Language Selection

English French German Italian Portuguese Spanish

How The Internet Works

Filed under
Sci/Tech

Once you finish this article, I’m sure you’ll be amazed that the Internet works at all! It’s easy to complain about slow download speeds, or lost e-mail, but, geez, it’s the Internet!

Ten years ago most of you were still buying magazines, and renting videos, and going to the post office, and ordering things from the Sears catalogue. The only thing cooler would be the ability to teleport ourselves through it.

Look at a map of the Internet sometime and you’ll see that it is like a million superhighways with no lines painted on the road. It’s a snake pit of computers attaching to modems attaching to phone lines, or cable, or satellites, or cell networks, attaching to more computers, servers, routers and modems and so on, and so on. There is no beginning. There is no end.

rest here




More in Tux Machines

Xubuntu 15.10 Beta 1 Drops Gnumeric and Abiword in Favor of LibreOffice Writer and Calc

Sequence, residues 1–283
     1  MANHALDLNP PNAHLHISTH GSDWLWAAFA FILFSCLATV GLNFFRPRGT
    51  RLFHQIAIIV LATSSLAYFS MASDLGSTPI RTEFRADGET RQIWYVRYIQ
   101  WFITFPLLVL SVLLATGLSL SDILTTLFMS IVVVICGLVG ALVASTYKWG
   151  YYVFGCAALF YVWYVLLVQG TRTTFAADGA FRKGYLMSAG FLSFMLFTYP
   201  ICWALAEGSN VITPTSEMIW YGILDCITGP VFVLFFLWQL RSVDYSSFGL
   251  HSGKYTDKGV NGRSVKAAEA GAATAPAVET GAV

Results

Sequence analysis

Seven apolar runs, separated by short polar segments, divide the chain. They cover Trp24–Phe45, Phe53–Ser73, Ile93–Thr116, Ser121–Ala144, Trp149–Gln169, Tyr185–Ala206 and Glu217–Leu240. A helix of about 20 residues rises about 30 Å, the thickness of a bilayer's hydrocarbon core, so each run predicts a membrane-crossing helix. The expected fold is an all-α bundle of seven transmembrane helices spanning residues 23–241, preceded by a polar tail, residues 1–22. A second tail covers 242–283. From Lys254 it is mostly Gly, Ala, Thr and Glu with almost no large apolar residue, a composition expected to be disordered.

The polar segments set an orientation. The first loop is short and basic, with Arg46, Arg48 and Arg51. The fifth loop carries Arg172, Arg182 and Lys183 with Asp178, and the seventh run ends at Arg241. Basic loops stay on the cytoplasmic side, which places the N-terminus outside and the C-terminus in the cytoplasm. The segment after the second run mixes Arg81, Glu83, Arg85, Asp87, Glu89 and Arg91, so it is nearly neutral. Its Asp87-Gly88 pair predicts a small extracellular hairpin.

Canonical has announced the release of the first Beta build for Ubuntu 15.10 (Wily Werewolf) opt-in flavors, which include the well-known Xubuntu distribution built around the lightweight Xfce desktop environment. Read more

Technology, the law and you: Open-source software

But “free as in beer” isn’t really the point – huge numbers of corporate open-source users opt for paid commercial versions of open-source projects, for simplicity and support. And then there are all those various licenses that protect the openness of the software – GPL, Apache, Eclipse. But the good news is that, with very few exceptions, there aren’t many legal issues for the average company to worry about. Read more

Today in Techrights

Windows 10: is it finally time to migrate to Ubuntu?

Ubuntu continues to grow in popularity, not only with mainstream consumers, but also with Fortune 500 companies. Moreover, government and top notch education entities across the globe have realized they can save millions of USD, and invest funds more prudently for social programmes. Read more